HomeNewsArticle Display

The Kirtland Violence Prevention Program calls for changing behaviors and taking care of others during Domestic Violence Prevention Month

Courtney Sumner, left, and Edith Wegner both with the Violence Prevention Program, pose for a photo at their office during Domestic Violence Awareness Month, Oct. 29, 2019. The Air Force-wide Violence Prevention Program, in its second year, uses strategies and training from the Sexual Assault Prevention and Response Program and the Suicide Prevention Program. (U.S. Air Force photo by Jessie Perkins)

Courtney Sumner, left, and Edith Wegner both with the Violence Prevention Program, pose for a photo at their office during Domestic Violence Awareness Month, Oct. 29, 2019. The Air Force-wide Violence Prevention Program, in its second year, uses strategies and training from the Sexual Assault Prevention and Response Program and the Suicide Prevention Program. (U.S. Air Force photo by Jessie Perkins)

KIRTLAND AIR FORCE BASE --

Domestic violence and many of the surrounding issues go against the three fundamental and enduring Air Force values: integrity first, service before self, and excellence in all we do.  Whether witnessed, affected personally, or never encountered, domestic violence plays a role in our everyday lives. 

Edith Wegner, 377th Air Base Wing violence prevention integrator, encourages Team Kirtland to be aware of the reasons why domestic violence exists, what it is, and what we can do to help prevent it.

“A lot of people think ‘well how did she get into it,” or “it’s her fault because she’s staying… when in fact it is a very, very complex layered issue and it’s not as easy as saying that the victim is staying.” Wegner emphasized “it can happen to anyone.” 

Some recent statistics that Wegner provided touch on just how much these issues affect our military. Approximately two in three veteran women and two in four veteran men in the U.S. report having experienced intimate partner violence in their lives.

Intimate partner violence accounts for 15% of all violent crimes. Intimate partner violence is most common against women between the ages of 18-24 years old, and one in seven women and one in 18 men have been stalked.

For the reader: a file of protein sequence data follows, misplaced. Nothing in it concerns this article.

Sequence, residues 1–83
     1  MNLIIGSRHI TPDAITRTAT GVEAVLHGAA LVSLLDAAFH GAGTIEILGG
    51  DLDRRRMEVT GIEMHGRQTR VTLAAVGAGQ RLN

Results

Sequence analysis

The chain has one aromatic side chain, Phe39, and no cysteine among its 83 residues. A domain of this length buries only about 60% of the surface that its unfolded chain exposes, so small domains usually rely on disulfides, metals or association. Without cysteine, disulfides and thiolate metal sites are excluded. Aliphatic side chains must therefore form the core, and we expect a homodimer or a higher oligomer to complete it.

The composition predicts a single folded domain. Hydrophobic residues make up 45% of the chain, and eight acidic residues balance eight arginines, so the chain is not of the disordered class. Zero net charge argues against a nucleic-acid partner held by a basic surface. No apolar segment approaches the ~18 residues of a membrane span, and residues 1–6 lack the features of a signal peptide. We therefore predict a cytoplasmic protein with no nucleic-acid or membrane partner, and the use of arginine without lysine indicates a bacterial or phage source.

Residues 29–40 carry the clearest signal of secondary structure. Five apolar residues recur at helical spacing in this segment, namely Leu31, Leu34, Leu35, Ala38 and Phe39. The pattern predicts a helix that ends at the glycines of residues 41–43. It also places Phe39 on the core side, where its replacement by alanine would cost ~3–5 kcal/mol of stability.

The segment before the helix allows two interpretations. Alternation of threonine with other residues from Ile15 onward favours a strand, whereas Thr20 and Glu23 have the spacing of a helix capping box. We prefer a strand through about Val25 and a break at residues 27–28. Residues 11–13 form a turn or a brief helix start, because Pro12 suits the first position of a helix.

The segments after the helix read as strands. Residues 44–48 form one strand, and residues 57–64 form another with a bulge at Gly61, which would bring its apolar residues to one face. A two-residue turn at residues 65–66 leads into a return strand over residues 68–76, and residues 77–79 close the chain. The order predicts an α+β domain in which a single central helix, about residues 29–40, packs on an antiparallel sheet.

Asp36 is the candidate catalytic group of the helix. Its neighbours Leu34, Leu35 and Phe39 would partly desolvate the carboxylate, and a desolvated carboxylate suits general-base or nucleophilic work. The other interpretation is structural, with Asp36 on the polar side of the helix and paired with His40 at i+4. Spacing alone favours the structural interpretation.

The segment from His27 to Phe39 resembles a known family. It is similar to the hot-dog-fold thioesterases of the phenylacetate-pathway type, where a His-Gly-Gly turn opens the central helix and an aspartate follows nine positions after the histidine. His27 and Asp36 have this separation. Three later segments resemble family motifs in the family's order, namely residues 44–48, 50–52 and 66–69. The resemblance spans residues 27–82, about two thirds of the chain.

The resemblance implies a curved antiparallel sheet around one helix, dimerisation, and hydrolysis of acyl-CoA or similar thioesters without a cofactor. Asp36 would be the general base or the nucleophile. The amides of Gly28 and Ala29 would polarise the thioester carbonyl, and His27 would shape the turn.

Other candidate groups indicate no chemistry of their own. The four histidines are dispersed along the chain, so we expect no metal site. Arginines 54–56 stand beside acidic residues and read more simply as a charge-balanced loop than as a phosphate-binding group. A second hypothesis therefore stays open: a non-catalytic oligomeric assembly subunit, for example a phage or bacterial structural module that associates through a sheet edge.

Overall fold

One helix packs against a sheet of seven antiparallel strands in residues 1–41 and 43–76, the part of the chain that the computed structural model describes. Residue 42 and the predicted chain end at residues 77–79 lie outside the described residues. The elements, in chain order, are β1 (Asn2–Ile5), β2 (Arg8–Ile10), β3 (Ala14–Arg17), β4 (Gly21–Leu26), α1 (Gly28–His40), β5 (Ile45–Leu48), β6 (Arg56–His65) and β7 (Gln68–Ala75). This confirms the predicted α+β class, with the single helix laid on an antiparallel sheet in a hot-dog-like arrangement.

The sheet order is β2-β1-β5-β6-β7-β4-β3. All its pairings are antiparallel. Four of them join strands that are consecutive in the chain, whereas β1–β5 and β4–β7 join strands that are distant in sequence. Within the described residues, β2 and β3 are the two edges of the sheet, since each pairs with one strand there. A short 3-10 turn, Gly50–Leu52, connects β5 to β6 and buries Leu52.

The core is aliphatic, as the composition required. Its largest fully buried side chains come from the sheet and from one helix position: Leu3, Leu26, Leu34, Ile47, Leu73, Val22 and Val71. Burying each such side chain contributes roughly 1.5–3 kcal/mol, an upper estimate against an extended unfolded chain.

With over ten years of experience working with domestic violence in the military Wegner believes education and awareness of the problem are the first steps.

 “[Within the military] the workplace is 24/7,” said Wegner. “So anything that is violence related is something that needs awareness and prevention.”

Her office is focused on education and prevention of sexual assault and suicide, but also covers domestic violence, workplace bullying, substance use and abuse, sexual harassment, and anything violence related that could occur within the workplace and Air Force community. 

She works daily on primary prevention, education, training and awareness of all of these issues and how people can contribute to influencing change positively and directly.

“Local statistics help fuel the solutions”, she said. “I get the overall ‘here’s what’s going on in the military, …here’s what’s going on in the Air Force …and here are the specifics of Kirtland,’ …it’s a funnel and my job is to take all that information from big picture to little picture.”

Wegner states, “I provide pebbles and rocks,” in describing how she proposes solutions.  “Here are your little solutions - the pebbles, and here are the things that can turn into big rocks - the bigger solutions… so the pebbles can be anything from finances, relationship troubles to deployments. The bigger rocks are the tougher issues like suicide and sexual assault.”

The biggest idea Wegner would like people to take away from this month is that “if you can help, do it.” Become informed, ask questions, and help safely whenever you can. Remember, there is always a story and your intervention might be the action that helps someone out of a bad situation.

The Air Force-wide Violence Prevention Program uses strategies and training from the Sexual Assault Prevention and Response Program and the Suicide Prevention Program.

The Violence Prevention Program can be reached at 505-246-0288 or DSN 846-0288.